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Here's an inside look at the viral skeletons video that brought joy to the Internet.

Remember those dancing, kissing skeletons that made us all smile? Here's what you didn't see.

Here's an inside look at the viral skeletons video that brought joy to the Internet.

We at Upworthy have been honored to support the "Love Has No Labels" campaign.

Their first video caught millions of people off-guard, but it left them with nothing but the good feels. With part two of the video, they're introducing us to the stars, who smile as they share their stories of true love. I hope you enjoy it as much as I did.

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There are two very profound messages behind all this cuteness.

The first one is fairly obvious. They say “love has no labels." I buy that 100%. True love isn't something we express with modifiers. And though we're all different and each of our relationships is unique, when we really feel love, we can all feel it with the same endless depth and intensity.


The second message might be a little harder to catch. Like love, it's not something we can really measure. It's an inner tide that pushes and pulls us to behave in certain ways. And like love, it's something that takes work. That something is called implicit bias.

"Implicit bias is the bias in judgment and/or behavior that results from subtle cognitive processes (e.g., implicit attitudes and implicit stereotypes) that often operate at a level below conscious awareness and without intentional control."
National Center for State Courts

They say it's what's on the inside that counts. But what's on the outside still matters.

Whether we realize it or not, our implicit biases cause us to judge others before we even have a chance to know them. We're constantly making prejudgments based on all of those traits — those labels — that, as this campaign so delightfully illustrates, have nothing to do with our capacity to love, be it race, religion, gender, age, disability, or anything else.


Via the Kirwan Institute

The real-world effects of implicit bias are bigger you may know.

It affects people's ability to make friends, to find jobs, or even to just go about their day in peace. And as we've come to learn, when implicit biases seep into areas such as policing and justice, things can get very sad and very ugly.

But don't feel guilty about implicit bias. We're all human, and no one is exempt.

However, if one of your living objectives is to be a "good" person — a kinder and more humane person — that's where the work comes in. Old habits may die hard, but ingrained, unconscious prejudice can be even more difficult to uproot.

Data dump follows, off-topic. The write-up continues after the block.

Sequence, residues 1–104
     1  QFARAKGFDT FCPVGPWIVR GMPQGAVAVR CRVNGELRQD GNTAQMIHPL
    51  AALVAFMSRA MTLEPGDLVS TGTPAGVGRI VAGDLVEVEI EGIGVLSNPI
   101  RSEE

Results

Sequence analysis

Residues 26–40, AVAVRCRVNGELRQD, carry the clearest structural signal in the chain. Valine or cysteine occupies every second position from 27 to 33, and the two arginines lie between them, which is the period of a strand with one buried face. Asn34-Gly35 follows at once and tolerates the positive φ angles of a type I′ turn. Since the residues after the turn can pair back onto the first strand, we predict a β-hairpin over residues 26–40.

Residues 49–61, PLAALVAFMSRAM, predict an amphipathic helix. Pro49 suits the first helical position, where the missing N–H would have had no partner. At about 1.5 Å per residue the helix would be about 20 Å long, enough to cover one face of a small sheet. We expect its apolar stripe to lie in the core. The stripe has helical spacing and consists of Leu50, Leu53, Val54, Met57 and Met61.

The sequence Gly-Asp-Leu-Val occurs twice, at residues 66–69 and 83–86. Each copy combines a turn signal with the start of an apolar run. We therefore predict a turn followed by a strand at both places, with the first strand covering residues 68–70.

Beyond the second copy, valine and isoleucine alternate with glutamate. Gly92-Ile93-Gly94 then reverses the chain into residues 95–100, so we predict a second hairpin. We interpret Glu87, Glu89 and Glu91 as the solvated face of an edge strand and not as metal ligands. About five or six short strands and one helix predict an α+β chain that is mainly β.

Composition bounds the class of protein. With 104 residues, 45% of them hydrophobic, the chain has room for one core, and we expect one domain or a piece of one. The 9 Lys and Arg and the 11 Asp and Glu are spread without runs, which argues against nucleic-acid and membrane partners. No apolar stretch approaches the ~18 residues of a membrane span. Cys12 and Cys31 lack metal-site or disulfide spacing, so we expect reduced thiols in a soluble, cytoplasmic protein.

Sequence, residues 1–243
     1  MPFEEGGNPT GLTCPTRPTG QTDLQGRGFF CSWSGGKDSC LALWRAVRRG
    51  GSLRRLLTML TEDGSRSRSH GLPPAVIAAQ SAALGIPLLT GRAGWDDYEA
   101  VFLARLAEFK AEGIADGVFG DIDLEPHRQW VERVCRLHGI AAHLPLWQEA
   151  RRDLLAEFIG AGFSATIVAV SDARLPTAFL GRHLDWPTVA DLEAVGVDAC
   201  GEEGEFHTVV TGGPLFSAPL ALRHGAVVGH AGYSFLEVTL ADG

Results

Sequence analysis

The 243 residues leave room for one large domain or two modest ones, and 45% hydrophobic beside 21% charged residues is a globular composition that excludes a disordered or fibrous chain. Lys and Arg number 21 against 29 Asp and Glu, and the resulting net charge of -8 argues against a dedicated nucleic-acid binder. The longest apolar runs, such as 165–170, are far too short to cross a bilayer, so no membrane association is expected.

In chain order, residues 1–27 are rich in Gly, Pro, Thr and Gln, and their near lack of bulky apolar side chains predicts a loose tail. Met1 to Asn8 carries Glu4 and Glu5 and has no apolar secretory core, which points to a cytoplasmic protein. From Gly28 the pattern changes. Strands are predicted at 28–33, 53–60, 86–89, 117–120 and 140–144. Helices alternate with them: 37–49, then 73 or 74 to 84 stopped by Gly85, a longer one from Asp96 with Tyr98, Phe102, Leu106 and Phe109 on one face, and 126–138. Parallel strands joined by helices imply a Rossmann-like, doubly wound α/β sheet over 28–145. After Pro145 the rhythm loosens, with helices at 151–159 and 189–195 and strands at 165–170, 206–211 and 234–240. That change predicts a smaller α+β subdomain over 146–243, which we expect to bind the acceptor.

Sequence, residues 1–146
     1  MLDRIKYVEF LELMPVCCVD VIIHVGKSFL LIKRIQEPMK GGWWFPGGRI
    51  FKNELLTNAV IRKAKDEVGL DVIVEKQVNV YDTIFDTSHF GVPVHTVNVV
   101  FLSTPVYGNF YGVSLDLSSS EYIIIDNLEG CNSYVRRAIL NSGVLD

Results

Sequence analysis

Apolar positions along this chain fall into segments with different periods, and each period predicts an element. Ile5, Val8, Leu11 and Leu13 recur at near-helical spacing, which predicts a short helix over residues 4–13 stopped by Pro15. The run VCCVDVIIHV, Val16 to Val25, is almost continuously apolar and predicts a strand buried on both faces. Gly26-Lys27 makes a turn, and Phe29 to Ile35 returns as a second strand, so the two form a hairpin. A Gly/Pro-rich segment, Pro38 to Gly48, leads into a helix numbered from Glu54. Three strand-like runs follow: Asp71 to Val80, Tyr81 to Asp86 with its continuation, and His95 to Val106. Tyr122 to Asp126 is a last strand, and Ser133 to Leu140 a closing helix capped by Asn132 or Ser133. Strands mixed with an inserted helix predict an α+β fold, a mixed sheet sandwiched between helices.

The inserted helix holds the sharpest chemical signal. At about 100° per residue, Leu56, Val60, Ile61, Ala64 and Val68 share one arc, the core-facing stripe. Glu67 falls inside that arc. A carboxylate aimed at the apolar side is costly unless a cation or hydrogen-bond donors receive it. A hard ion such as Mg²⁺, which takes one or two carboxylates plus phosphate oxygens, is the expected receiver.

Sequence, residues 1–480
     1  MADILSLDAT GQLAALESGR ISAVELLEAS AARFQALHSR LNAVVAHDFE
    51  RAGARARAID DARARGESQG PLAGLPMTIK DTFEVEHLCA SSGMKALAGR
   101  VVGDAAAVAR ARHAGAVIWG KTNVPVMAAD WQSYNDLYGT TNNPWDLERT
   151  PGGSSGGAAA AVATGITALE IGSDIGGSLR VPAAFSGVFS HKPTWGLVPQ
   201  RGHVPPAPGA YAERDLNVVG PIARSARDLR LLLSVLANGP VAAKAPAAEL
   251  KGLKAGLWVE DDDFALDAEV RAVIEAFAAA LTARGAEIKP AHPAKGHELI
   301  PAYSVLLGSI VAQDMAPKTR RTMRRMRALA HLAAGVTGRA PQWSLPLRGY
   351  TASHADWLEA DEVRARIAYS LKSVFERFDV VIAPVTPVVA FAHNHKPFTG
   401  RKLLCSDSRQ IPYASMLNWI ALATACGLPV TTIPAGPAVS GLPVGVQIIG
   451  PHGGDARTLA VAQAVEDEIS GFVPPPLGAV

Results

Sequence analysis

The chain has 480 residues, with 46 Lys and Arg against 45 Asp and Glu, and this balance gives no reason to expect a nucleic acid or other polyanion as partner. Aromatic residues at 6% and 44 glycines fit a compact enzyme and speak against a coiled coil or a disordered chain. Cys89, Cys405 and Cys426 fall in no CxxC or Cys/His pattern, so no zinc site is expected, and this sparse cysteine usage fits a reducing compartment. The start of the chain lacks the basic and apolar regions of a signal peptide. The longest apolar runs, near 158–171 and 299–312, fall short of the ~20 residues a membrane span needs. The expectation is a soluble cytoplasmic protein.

This is arguably among the most important challenges for humanity to overcome. The better we get at identifying and addressing implicit biases — both as individuals and communities — the more we can focus on, well, love.

Want to get started now?

Take this quiz on the campaign website. With each response, you'll learn a little more about how implicit biases play out in real life and ways to avoid playing into the stereotypes.

Courtesy of Tiffany Obi
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With the COVID-19 pandemic upending her community, Brooklyn-based singer Tiffany Obi turned to healing those who had lost loved ones the way she knew best — through music.

Obi quickly ran into one glaring issue as she began performing solo at memorials. Many of the venues where she performed didn't have the proper equipment for her to play a recorded song to accompany her singing. Often called on to perform the day before a service, Obi couldn't find any pianists to play with her on such short notice.

As she looked at the empty piano at a recent performance, Obi's had a revelation.

"Music just makes everything better," Obi said. "If there was an app to bring musicians together on short notice, we could bring so much joy to the people at those memorials."

Using the coding skills she gained at Pursuit — a rigorous, four-year intensive program that trains adults from underserved backgrounds and no prior experience in programming — Obi turned this market gap into the very first app she created.

She worked alongside four other Pursuit Fellows to build In Tune, an app that connects musicians in close proximity to foster opportunities for collaboration.

When she learned about and applied to Pursuit, Obi was eager to be a part of Pursuit's vision to empower their Fellows to build successful careers in tech. Pursuit's Fellows are representative of the community they want to build: 50% women, 70% Black or Latinx, 40% immigrant, 60% non-Bachelor's degree holders, and more than 50% are public assistance recipients.

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Yesterday I was perusing comments on an Upworthy article about Joe Biden comforting the son of a Parkland shooting victim and immediately had flashbacks to the lead-up of the 2016 election. In describing former vice President Biden, some commenters were using the words "criminal," "corrupt," and "pedophile—exactly the same words people used to describe Hillary Clinton in 2016.